translated by Conor Brendan Dunne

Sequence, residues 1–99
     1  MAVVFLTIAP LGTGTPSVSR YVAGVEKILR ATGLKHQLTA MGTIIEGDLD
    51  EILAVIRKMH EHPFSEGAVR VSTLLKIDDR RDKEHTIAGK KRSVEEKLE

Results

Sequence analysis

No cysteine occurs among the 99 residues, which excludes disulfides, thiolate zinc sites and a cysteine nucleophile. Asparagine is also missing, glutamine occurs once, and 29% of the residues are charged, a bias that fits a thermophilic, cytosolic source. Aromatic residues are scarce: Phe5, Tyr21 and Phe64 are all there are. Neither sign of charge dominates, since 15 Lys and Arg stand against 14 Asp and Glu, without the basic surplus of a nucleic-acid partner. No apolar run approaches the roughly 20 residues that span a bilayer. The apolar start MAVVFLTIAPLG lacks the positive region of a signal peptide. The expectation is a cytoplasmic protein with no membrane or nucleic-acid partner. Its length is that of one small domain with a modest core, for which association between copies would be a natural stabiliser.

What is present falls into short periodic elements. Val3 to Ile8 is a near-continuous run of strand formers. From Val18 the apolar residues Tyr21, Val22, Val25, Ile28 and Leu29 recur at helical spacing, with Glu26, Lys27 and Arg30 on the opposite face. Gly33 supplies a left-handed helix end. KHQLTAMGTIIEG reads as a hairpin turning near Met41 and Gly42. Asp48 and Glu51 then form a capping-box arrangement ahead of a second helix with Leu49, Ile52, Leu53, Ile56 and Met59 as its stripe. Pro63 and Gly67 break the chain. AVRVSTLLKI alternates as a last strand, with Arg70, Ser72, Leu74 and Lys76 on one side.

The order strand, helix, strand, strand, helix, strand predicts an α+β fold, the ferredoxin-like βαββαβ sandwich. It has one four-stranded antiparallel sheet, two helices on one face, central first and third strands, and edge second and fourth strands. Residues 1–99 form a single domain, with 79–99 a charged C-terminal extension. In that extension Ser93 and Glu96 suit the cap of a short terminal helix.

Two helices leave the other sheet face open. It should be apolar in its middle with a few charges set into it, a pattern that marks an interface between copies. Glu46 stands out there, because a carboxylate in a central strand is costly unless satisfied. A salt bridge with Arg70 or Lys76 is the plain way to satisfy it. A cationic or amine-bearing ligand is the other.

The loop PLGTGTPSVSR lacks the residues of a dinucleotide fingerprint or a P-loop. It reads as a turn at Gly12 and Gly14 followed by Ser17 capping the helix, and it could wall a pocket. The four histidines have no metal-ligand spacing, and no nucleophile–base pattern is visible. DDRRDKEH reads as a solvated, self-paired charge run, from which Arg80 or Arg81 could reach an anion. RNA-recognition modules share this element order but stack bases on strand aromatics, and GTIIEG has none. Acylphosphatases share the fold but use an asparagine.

He had started reading the novel a few days earlier. He set it aside to tend to some urgent business, then returned to it on the train journey back to the estate, slowly allowing the plot and its characters to draw him in. That evening, after he had written a letter to his attorney and discussed the sharecropping issue with the steward, he resumed reading in the comfort of his study, which looked out onto the oak park. He settled into his favourite armchair with his back to the door, which would otherwise have annoyed him because it implied potential intrusions. He allowed his left hand to stroke the green velvet armrest as he turned his attention to the final chapters. The names and faces of the protagonists came back to him at once, and he was soon under their literary spell. He savoured the almost perverse pleasure of drifting away, line by line, from his surroundings, while at the same time remaining aware of his head resting comfortably against the tall velvet backrest, his cigarillos lying within reach and, on the other side of the picture window, the evening breeze dancing beneath the oak trees. Engrossed by the sordid predicament of the main characters, he allowed himself to be carried off, one word at a time, by the flow of rich and vivid images. He was there for their final meeting in the cabin. The woman arrived first, looking anxious, followed by her lover, whose cheek had been cut by a wayward branch. She tried to staunch the blood with her kisses, but he pushed her away. He had not come for the ritual of yet another tryst in this haven of dry leaves and secret paths. The dagger felt warm against his chest, and underneath an eager freedom was beating. A breathless dialogue streamed down the pages like a river of snakes, and it was as though everything had been decided since the beginning. Her caresses, which spun a web around his body as if wanting to detain and deter him, merely traced the abominable outline of another body that needed to be destroyed. Nothing had been overlooked – not alibis, not mishaps, not any potential errors. From this moment on, every instant had its meticulously assigned purpose. A ruthless double-check was only 51